A lost world in Lim Chu Kang

19 07 2011

Deep within a world that much of Singapore has lost lies a reminder of that life we once had, a life of carefree days spent by the sea, and quiet nights gazing at the stars. It is a world that for most, doesn’t exist anymore, one that many will find hard to go back to. That reminder is in the form of the former property of the late lawyer Howard Edmund Cashin which includes an expansive garden by the sea and an incredible house built on a pier like structure out over the mud flats and mangroves that still dominate the north-western coastline of Singapore. The house which has been left vacant shortly after Mr. Cashin’s passing in 2009, is one that reminds me of a time when escapes by the then remote, quiet and idyllic coastlines – many of which have been lost to land reclamation, were fashionable, as was living in remote locations by the sea. It reminds me of my own carefree days in the sun, accompanied by the sand and the sea in places that I will never be able to go back to, when Singapore was a much gentler place.

A reminder of carefree days in the sun, accompanied by the sand and the sea … a world that doesn’t exist in Singapore anymore?

A lost world that reminds us of a Singapore that doesn’t exist anymore can be found in Lim Chu Kang.

The lost road to the lost world …

The house, named as “The Pier” by the Cashins, served as Mr Cashin’s home for many years. Based on newspaper articles from the Straits Times, the Cashins, Howard and his wife Gillian, had moved in after the war, building a house over a pier that is significant from the perspective of the landings of the Japanese Imperial Army’s 5th Division along the north-western coastline in the dark days of February 1942 that led to the fall of Singapore. It was apparently at the pier that had stood there that the Japanese had out-fought the Australian 22nd Brigade who had put up a valiant fight inflicting heavy casualties on the enemy and established a foothold. In the battle that was fought over the night of the 7th and the 8th of February, some 360 Australian troops are thought to have lost their lives in the same plot of land based on the article. The Japanese themselves had later erected a war shrine in the plot of land – something that Mr Cashin reportedly had trouble finding workmen who were willing to demolish it after the war.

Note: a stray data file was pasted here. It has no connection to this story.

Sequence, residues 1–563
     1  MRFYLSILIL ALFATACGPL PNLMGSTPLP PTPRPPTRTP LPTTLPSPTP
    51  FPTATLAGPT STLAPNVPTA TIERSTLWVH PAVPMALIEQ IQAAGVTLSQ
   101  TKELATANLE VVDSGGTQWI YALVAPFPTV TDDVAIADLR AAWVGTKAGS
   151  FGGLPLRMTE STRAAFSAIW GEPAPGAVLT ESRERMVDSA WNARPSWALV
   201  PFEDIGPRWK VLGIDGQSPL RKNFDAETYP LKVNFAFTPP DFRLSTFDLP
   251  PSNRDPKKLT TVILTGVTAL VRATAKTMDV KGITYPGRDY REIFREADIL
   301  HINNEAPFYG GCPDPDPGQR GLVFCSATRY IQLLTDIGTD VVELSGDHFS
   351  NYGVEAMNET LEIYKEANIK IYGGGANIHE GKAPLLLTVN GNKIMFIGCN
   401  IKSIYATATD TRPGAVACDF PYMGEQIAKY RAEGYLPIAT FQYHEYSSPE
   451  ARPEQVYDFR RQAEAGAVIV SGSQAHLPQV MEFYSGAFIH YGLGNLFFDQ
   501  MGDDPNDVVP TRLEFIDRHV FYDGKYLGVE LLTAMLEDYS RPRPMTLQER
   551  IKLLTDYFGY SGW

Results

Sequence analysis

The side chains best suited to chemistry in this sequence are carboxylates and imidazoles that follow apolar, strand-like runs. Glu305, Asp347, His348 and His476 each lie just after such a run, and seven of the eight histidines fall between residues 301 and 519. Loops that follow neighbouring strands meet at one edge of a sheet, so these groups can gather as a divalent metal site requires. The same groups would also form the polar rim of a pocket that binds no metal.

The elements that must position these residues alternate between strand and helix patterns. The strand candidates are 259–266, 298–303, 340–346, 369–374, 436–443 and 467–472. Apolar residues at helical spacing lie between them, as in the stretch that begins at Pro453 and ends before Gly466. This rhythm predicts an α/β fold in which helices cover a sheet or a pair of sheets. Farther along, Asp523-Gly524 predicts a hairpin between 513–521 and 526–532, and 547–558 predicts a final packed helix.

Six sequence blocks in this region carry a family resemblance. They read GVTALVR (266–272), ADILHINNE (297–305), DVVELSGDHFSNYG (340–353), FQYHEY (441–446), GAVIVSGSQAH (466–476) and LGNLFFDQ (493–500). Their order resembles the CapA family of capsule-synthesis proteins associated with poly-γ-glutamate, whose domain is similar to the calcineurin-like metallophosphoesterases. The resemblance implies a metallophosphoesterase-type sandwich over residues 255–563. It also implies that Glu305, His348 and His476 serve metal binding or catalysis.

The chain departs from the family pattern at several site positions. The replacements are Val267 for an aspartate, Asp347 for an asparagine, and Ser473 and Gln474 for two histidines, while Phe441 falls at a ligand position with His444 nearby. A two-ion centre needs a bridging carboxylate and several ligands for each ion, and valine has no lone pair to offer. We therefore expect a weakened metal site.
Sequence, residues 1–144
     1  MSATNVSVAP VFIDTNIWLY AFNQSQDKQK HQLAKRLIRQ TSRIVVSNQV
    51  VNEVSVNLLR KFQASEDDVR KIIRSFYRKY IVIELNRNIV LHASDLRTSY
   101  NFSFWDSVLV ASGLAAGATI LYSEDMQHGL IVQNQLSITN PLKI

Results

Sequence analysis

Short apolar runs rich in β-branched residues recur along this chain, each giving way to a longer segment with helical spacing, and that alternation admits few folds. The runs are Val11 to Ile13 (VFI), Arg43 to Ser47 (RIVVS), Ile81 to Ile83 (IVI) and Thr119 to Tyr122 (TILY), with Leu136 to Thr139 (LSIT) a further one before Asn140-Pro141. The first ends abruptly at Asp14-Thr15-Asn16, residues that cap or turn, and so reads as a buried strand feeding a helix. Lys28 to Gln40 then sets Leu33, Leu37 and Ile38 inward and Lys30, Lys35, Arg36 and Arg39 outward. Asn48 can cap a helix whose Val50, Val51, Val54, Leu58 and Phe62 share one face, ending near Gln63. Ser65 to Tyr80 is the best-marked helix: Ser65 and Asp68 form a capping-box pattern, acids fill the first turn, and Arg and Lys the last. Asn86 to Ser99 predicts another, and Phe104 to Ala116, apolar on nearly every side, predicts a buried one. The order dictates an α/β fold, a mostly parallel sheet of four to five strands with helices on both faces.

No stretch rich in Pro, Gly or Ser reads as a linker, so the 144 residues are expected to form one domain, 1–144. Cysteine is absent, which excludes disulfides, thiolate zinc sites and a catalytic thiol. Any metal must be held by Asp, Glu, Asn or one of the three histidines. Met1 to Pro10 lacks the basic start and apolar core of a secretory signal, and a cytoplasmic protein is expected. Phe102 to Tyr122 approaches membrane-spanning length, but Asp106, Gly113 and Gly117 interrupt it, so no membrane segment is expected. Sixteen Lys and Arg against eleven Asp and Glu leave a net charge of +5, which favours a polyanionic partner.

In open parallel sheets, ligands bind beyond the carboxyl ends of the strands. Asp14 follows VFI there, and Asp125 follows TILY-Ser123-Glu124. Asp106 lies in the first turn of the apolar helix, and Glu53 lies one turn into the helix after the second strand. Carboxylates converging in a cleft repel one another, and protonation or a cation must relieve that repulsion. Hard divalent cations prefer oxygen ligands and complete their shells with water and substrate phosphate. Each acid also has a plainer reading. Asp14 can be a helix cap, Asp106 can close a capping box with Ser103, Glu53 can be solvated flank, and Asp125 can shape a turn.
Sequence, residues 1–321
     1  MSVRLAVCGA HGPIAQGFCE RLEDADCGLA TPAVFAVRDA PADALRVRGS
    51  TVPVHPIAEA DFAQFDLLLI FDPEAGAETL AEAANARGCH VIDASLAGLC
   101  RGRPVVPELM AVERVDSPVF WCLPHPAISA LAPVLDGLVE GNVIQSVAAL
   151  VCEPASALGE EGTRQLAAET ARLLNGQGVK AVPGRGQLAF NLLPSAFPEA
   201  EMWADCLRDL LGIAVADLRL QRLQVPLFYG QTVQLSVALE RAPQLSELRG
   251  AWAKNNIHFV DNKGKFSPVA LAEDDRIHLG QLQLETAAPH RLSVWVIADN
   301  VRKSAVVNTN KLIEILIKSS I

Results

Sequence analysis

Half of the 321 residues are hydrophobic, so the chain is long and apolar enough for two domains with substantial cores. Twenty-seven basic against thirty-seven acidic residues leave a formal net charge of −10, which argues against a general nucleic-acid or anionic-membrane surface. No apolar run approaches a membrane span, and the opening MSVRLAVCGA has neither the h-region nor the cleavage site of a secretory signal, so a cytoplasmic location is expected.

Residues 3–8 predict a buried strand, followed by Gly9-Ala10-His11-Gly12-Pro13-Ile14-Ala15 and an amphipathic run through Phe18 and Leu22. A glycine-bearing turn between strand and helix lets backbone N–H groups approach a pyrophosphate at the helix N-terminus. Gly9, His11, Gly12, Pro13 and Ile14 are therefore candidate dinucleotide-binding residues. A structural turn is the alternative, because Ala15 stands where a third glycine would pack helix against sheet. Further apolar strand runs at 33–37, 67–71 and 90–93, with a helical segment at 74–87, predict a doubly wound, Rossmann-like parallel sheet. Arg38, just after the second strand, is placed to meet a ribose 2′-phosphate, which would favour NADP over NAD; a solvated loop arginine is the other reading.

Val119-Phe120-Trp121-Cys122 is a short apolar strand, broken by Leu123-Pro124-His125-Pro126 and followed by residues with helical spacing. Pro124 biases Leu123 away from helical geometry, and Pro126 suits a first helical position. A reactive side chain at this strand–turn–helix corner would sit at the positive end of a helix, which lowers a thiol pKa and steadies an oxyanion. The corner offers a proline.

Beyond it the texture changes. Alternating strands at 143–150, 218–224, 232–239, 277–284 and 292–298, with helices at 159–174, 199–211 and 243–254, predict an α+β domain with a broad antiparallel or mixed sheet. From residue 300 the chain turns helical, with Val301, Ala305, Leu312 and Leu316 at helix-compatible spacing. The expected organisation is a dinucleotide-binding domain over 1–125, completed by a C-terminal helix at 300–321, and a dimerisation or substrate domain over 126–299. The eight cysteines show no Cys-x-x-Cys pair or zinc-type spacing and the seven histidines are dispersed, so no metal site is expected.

The Pier was the home of Mr and Mrs Howard Cashin and was built over a pier which fell to the invading 5th Division of the Japanese Imperial Army in the dark days of February 1942.

A view of The Pier from the expansive gardens.

A view of the gardens.